Muslims should, therefore, be at the forefront of caring for orphaned and abandoned children within the Western Cape, since the very nature of Islam is mercy and compassion. By fostering, foster families grant children, who otherwise lay prey to a life on the streets, an opportunity to grow into constructive members of society.

“To foster and to care for an abandoned child is certainly a noble action. Muslims should, therefore, be at the forefront.”

VOC (Thakira Desai)


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1 comment

  1. Thakira
    You’re confusing fostering with adoption – it’s a bit like mistaking sadaqah with Zakah!
    As for:
    …within the Shari’ah (Islamic law) the concept of adoption, which entails raising a child as one’s ‘blood’ and granting the child the family surname, is not permitted.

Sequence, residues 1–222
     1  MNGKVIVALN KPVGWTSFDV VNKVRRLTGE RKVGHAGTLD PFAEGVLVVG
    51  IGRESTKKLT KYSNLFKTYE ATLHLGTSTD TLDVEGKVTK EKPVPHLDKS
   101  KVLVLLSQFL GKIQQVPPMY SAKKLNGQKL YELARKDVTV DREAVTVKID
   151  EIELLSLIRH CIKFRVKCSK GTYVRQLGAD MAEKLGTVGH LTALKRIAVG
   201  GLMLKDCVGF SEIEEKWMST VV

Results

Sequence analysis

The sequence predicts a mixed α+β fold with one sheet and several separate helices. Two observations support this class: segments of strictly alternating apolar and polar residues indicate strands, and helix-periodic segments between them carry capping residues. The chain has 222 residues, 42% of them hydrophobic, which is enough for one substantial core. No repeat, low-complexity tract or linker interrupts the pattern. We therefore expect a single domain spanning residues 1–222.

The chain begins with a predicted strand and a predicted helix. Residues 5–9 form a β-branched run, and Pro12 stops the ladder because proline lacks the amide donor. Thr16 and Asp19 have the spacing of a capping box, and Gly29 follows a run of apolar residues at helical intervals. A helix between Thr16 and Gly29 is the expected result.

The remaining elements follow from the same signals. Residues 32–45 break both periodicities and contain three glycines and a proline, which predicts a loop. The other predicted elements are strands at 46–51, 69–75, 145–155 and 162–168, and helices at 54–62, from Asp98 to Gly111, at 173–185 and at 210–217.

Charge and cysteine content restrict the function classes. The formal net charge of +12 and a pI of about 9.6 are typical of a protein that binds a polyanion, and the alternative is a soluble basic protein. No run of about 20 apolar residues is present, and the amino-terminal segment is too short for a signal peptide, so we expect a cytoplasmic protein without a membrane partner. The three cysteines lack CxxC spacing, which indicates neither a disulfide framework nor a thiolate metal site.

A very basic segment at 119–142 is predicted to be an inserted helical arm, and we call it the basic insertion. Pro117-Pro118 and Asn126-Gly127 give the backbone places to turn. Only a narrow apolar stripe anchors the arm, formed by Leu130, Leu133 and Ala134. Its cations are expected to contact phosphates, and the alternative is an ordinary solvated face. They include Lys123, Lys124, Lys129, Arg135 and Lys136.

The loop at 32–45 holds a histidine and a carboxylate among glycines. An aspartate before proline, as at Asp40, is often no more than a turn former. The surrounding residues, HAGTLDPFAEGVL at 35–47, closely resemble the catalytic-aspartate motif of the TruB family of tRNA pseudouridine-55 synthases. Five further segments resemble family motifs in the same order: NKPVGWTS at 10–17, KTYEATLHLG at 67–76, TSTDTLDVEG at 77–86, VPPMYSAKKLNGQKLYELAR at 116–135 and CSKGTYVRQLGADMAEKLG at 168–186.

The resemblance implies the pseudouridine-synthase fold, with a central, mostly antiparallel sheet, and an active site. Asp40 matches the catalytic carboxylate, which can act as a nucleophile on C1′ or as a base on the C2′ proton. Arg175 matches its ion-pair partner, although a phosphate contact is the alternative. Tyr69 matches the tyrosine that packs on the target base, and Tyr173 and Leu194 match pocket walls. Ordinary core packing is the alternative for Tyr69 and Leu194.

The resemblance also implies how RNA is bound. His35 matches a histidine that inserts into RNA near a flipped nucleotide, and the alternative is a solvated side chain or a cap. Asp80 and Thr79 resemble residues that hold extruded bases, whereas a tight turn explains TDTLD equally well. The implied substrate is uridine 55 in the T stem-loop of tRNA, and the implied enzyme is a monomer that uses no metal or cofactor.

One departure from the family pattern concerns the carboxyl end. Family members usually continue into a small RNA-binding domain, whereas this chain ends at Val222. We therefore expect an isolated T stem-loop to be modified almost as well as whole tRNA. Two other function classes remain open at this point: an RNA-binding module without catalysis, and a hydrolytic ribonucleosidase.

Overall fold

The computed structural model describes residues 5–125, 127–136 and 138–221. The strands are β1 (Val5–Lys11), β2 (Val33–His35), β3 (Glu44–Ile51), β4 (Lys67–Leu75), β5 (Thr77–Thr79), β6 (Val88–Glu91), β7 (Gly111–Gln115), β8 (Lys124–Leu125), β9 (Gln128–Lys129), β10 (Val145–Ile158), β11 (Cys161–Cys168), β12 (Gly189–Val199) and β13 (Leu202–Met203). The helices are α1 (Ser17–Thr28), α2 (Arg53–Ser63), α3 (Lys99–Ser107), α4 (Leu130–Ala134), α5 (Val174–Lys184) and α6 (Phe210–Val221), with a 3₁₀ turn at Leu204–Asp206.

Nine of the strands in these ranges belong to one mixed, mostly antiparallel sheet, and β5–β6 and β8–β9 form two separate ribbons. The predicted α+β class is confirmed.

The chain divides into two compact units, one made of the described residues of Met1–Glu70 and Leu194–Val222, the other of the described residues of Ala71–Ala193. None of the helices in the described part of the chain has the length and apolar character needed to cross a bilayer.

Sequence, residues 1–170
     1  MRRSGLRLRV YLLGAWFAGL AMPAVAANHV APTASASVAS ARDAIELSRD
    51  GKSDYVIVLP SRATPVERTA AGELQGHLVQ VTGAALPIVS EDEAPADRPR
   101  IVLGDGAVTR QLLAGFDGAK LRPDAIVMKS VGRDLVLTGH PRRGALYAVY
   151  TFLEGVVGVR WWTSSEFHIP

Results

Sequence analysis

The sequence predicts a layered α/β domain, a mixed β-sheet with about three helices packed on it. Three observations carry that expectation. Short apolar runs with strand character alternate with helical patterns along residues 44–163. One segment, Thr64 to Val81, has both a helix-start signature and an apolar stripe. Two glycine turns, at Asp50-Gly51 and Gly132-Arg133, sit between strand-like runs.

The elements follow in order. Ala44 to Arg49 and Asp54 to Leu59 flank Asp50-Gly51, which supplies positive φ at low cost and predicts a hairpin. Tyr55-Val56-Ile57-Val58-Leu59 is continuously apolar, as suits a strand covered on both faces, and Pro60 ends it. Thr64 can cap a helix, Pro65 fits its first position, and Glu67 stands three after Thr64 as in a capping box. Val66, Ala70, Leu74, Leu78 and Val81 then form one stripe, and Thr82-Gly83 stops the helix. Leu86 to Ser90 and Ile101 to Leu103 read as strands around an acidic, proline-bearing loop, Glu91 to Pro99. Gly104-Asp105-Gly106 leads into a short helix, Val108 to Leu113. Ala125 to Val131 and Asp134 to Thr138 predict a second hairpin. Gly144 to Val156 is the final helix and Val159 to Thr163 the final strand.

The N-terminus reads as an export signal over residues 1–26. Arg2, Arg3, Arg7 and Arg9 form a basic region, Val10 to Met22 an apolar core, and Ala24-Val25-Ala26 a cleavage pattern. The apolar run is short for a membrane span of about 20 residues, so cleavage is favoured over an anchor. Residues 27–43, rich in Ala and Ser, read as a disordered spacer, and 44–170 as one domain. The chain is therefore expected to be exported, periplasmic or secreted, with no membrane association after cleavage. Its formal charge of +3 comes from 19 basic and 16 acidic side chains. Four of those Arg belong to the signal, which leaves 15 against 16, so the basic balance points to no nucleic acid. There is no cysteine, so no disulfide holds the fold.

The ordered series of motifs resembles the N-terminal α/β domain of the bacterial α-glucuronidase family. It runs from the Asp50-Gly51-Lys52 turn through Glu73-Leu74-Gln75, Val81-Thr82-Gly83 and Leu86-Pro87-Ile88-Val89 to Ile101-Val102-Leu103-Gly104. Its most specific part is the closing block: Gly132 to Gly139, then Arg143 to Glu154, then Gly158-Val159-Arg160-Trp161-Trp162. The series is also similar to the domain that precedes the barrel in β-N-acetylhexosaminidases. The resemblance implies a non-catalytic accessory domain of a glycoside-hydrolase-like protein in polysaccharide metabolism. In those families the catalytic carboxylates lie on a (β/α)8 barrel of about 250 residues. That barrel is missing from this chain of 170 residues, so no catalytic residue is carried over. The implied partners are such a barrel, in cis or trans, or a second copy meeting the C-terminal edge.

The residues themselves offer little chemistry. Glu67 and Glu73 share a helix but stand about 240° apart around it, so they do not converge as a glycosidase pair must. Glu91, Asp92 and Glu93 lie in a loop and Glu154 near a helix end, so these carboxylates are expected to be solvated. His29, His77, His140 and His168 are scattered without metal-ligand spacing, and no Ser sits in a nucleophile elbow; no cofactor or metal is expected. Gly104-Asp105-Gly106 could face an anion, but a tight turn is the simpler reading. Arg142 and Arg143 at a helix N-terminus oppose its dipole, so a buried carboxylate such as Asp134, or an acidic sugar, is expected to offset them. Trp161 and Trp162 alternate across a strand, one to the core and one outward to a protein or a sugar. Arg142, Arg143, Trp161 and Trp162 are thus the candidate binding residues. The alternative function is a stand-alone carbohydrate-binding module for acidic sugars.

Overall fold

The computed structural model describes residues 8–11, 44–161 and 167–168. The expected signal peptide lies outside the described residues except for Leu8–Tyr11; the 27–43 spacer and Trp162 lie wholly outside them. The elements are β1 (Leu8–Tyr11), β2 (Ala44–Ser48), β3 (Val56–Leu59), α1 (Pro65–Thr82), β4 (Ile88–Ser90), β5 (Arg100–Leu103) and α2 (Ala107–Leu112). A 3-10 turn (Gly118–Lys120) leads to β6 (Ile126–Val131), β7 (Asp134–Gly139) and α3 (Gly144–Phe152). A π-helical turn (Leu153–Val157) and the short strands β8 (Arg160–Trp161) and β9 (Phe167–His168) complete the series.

Islamic naming conventions are structured around bin, bint, or ibn, rather than surnames like Jones, or Smith.
    As for the comments by Shaykh Abduragman Alexander: he is obviously not familiar with dna and genetics.
    From the Ṣaḥīḥ al-Bukhārī, Volume 1, Book II: ‘‘The Book on Belief (i.e. Faith)”, Chapter 12: ‘The Prophet used to take care of the people in preaching by selecting a suitable time so that they might not run away (never made them averse or bored them with sermons and knowledge all the time)’, Ḥadīth Number 69, translated from Arabic by Dr. Muḥammad Muḥsin Khān:
    Narrated Anas bin Mālik : The Prophet said, “Facilitate things to people (concerning religious matters), and do not make it hard for them and give them good tidings and do not make them run away (from Islām).”

    From the Sahīh Muslim, Volume III, Book XXI: Kitāb al-Ashriba – the ‘Book on Drinks’, Chapter DCCCLXI: ‘Excellence of Sharing Little Food’, Ḥadīth Number 5112, translated into English by ’Abdul Hamīd Siddīqī:
    Jābir reported Allāh’s Messenger (May Peace Be Upon him) as saying: Food for one (person) suffices two, and food for two (persons) suffices four persons, and food for four persons suffices eight persons.